Wagon Train and ER might seem like apples and oranges, but in fact the Western series was one of the earliest dramas to take some tentative steps toward serialization.  Most seasons began with an episode or two set in St. Louis, at the beginning of the train, and ended with one or two segments set at the end of the trail, in San Francisco.  For instance, the third season opens with an episode (“The Stagecoach Story”) detailing the main characters’ return trip, by stage, from the West Coast to Missouri, following the preceding years’ train.  The next episode (“The Greenhorn Story,” with the inevitable Mickey Rooney in the title role) covers the formation of the new train, with an emphasis on the naïve easterners’ adjustment to a new, harder way of life.

In the middle of the season, episodes do not follow a chronology – some of them span the course of months, and the physical progress from one to the next would probably zigzag back and forth across a map – but the viewer is not discouraged from thinking of each season’s various progatonists as members of the same train, with every individual story one panel in a mosaic of headaches thrust upon Major Adams over the course of a single year.  The first season finale, “The Sacramento Story,” makes this assumption explicit; it is a combined sequel to three earlier episodes.  (The series would continue to “check in” with popular characters, bringing Borgnine back in the second season premiere to reprise his role from the pilot, “The Willy Moran Story,” and revisiting the young lovers from “The Heather and Hamish Story” a year later in “The Last Circle Up” – albeit with both roles recast.)  Since Wagon Train was never truly serialized, I tend to view its unusual commitment to beginning and ending at opposite ends of the trail as less about continuity than variety.  In other words, it was an excuse to plant a few episodes in an urban setting instead of amid the monotonous plains. 

In its willingness to make each episode as different from the others as the format would bear, Wagon Train became porous enough to allow for auteurism, among both its writers and directors.  I mentioned few of these cases the last time I wrote about Wagon Train, and I’m still uncovering more of them.  What to make of Jean Holloway, who wrote both the dull “Stagecoach Story” and the lively, appealing “Greenhorn Story”?  Somewhere in the middle, in terms of quality, falls “The C. L. Harding Story,” a “haircut” of Lysistrata in which a muckraking reporter (Claire Trevor) leads the women of the train in a general strike.  It’s tempting to read something into the fact that this very safe excursion into pre-feminism comes from the pen of one of the show’s two regular women writers, and probably much too cheap.  Sometimes the absence of a strong voice is itself revealing: “The Cappy Darrin Story,” with Ed Wynn as a sea captain who takes the term “prairie schooner” a bit too literally, was written by Stanley Kallis, a veteran production man who penned only a handful of scripts.  There’s an incongruous fantasy sequence, in which Cappy and his young grandson (Tommy Nolan) fight off some pirates, that rouses journeyman director Virgil W. Vogel from his slumber to try his hand at some dutch angles (even more incongruous in the world of Wagon Train).  These dead ends take me back to the Western’s long-standing showrunner, Howard Christie, who seems to have favored the rather cloying tone – light at heart but somehow leaden – that “The Cappy Darrin Story” shares with many other segments.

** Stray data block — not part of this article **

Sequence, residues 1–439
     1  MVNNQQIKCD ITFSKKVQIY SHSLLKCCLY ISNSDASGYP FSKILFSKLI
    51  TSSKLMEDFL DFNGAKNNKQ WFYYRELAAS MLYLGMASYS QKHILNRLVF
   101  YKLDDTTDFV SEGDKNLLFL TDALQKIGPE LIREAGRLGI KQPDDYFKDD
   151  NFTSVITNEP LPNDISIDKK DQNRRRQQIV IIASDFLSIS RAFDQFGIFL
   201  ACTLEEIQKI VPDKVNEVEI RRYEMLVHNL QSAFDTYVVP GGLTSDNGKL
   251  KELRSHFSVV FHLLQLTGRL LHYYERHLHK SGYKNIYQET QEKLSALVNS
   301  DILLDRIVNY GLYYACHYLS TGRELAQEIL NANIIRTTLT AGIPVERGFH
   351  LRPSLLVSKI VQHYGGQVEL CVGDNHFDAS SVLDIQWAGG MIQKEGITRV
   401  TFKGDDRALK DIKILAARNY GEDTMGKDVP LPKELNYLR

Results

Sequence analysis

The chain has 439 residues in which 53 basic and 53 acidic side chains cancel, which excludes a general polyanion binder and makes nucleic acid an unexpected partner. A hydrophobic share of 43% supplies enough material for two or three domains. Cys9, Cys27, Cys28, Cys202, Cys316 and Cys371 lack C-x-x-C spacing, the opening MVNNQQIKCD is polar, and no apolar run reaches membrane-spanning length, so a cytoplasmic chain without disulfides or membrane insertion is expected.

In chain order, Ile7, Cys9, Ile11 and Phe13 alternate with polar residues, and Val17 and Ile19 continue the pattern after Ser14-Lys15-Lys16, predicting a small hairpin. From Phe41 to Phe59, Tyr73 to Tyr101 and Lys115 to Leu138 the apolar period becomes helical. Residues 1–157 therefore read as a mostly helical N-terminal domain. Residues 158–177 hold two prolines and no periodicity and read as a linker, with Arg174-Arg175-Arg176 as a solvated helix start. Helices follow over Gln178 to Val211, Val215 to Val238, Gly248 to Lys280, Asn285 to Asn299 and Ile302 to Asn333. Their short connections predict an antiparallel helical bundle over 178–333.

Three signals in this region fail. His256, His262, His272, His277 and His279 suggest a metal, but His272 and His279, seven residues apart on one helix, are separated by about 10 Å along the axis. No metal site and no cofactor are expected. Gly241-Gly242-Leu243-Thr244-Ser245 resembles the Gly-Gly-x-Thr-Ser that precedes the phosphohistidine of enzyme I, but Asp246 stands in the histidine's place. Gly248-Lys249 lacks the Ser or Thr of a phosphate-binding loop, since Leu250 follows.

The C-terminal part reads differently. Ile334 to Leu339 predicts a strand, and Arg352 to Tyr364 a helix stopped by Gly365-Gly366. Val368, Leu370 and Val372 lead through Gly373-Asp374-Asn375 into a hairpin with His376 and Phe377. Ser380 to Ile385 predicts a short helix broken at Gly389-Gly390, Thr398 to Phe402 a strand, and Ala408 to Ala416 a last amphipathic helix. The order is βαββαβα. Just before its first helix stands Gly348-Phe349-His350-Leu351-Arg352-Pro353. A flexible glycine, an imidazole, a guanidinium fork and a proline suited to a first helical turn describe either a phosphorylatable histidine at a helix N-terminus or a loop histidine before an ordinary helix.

Then there’s “The Ruth Owens Story,” one of two early episodes directed by the great Robert Florey (Murders in the Rue Morgue; The Beast With Five Fingers).  This one is set mostly at night and includes many bold close-ups of actors, often in profile, framed against total blackness.  Its expressionistic imagery – the frame grabs assembled below illustrate only a few of the Florey’s bold compositions – doesn’t resemble any other Wagon Train I’ve seen or, indeed any other television episode this side of The Twilight Zone.

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Last month, writing about Wagon Train, I advanced the theory that long-running series sometimes wound their way into strange tangents that only a combination of ratings invulnerability and creative fatigue could explain.  Now that all of Wagon Train’s seventh and penultimate season has been released on DVD, alongside a selection of episodes from all the others, there is ample opportunity to study that phenomenon in practice.